New Book - The Greek Genocide in American Naval War Diaries

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The Greek Genocide in American Naval War Diaries: Naval Commanders Report and Protest Death Marches and Massacres in Turkey's Pontus Region, 1921-1922
by Savvas "Sam" Koktzoglou (Editor), Robert Shenk (Editor), James Starvridis (Foreword)
Published February 29, 2020 by University of New Orleans Press
This book is a gripping collection of American naval war diaries recently found in the National Archives about what was happening on the northern coast of Turkey in 1921-1922. At the time, a series of American destroyers were continuously stationed at the port of Samsun, and the destroyer captains describe here many of the atrocities then being perpetrated upon the Asia Minor Greek minority by the ruling Nationalist Turks, along with local Greek reactions.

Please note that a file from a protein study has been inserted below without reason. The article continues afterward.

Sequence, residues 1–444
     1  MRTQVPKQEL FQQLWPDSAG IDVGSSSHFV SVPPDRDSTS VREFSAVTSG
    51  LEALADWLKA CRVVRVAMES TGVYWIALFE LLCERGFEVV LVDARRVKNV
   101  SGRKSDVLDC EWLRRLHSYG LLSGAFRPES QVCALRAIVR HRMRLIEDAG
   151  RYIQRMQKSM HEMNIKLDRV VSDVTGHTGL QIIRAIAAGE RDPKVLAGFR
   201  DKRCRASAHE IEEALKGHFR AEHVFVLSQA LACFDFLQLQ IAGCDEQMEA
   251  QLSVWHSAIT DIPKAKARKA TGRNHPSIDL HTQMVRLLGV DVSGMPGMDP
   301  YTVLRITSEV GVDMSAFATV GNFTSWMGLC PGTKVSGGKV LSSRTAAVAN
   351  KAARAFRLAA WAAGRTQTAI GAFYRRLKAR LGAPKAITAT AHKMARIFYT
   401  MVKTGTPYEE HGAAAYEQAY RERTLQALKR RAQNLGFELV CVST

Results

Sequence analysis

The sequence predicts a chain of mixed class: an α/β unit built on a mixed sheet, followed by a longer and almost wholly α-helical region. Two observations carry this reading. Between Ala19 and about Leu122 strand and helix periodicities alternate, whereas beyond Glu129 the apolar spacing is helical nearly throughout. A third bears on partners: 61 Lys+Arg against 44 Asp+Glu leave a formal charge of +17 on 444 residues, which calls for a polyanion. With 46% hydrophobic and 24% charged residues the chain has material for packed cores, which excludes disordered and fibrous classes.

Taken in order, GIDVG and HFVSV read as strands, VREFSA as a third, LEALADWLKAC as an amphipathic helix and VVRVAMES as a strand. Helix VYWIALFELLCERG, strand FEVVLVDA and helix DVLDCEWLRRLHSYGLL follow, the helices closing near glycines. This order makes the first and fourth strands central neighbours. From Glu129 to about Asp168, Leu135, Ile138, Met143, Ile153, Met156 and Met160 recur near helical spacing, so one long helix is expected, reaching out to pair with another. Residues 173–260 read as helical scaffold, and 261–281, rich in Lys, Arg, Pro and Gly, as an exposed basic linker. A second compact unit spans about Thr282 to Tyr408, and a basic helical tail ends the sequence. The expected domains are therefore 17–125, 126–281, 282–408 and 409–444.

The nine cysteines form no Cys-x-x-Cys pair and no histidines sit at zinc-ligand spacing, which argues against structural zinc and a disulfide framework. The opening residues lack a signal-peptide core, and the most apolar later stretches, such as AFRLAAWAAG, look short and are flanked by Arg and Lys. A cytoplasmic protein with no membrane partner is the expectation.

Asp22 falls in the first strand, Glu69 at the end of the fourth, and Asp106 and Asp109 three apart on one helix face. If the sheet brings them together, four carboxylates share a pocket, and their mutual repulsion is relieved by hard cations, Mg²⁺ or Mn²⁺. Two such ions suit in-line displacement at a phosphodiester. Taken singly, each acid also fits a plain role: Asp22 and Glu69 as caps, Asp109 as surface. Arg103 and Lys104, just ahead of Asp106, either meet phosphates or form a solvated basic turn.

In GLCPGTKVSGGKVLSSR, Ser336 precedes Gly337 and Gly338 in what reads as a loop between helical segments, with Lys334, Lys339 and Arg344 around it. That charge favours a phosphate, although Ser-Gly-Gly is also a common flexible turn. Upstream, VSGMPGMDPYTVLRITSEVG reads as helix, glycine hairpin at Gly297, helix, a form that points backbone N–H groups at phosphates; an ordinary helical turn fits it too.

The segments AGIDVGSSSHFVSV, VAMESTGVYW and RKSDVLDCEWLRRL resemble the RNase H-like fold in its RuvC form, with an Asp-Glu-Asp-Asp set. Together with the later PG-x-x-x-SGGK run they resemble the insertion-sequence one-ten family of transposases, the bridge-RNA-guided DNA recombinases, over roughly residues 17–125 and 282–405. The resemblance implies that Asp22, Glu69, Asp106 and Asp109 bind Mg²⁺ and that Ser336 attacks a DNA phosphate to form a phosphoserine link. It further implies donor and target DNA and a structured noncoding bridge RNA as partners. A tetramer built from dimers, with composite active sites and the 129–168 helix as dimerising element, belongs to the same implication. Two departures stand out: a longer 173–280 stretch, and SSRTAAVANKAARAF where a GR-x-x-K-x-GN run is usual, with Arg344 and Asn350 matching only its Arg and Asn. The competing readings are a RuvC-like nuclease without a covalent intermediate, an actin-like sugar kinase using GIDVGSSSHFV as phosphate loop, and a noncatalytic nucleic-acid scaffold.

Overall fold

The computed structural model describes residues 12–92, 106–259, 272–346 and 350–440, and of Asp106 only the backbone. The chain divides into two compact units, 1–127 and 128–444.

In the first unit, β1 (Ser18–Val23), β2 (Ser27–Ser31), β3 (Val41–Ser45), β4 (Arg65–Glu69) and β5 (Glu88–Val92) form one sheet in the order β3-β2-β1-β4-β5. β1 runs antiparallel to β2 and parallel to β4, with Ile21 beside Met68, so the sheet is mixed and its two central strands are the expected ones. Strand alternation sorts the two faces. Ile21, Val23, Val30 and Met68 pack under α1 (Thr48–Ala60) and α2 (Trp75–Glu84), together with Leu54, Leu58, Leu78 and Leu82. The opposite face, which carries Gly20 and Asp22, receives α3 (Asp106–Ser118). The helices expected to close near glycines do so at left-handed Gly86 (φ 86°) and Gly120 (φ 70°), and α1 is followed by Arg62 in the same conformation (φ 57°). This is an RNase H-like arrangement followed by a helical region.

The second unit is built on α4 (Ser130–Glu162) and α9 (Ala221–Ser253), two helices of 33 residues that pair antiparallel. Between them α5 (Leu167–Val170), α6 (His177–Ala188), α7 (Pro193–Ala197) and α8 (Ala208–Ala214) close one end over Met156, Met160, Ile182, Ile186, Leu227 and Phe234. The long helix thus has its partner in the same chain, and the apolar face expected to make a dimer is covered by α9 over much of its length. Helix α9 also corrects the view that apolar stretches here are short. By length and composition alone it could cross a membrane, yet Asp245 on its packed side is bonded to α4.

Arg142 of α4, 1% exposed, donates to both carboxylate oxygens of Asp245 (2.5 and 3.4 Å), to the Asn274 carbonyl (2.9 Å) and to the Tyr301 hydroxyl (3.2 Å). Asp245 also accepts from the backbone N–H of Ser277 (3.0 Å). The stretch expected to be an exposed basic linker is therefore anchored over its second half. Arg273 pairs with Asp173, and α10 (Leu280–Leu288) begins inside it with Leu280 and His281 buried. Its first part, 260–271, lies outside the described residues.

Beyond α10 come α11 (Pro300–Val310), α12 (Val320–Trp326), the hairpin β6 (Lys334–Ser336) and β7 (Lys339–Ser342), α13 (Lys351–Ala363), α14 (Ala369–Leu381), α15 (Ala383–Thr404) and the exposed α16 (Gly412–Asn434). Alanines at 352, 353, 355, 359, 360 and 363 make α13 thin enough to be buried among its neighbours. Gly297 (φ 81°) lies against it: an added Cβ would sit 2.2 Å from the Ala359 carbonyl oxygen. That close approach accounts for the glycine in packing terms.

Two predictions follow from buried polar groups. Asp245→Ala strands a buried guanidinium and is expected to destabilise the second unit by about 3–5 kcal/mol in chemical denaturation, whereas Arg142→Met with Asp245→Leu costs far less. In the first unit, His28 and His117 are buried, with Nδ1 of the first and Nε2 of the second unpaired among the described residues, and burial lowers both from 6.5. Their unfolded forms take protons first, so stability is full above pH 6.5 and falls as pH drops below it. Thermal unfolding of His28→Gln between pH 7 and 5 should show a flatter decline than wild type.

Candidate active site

Available through Amazon and Barnes & Noble

Online Digital Collection of WWII Monuments in Epirus, Greece

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The following was posted on the Modern Greek Studies Mailing List

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I would like to share a project that I and two colleagues have been developing about WWII monuments in Epirus.
The interactive gallery, catalog and map is a work in progress, currently documenting 20 memorials. It is linked from Hollins University Library’s Digital Projects page,
https://digitalexhibits.hollins.edu/collections/show/1
Mark Mazower states that “the Second World War remains invisible for the visitors who flow into Greece during the summer, relaxing on the sunny beaches or getting accustomed to the ancient ruined temples and theaters” (Inside Hitler’s Greece, 1994, p. 407).
We hope this exhibit is a step toward reversing the invisibility.
Christopher J. Richter Associate Professor Communication Studies Hollins University PO Box 9652 Roanoke, VA 24020

American Reactions to the Asia Minor Deportations in 1922

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AMERICAN REACTIONS TO THE ASIA MINOR DEPORTATIONS IN 1922
by Stavros T. Stavridis
published in The National Herald June 10, 2006
The National Herald has given HellenicGenealogyGeek.com permission to post articles that are of interest to our group.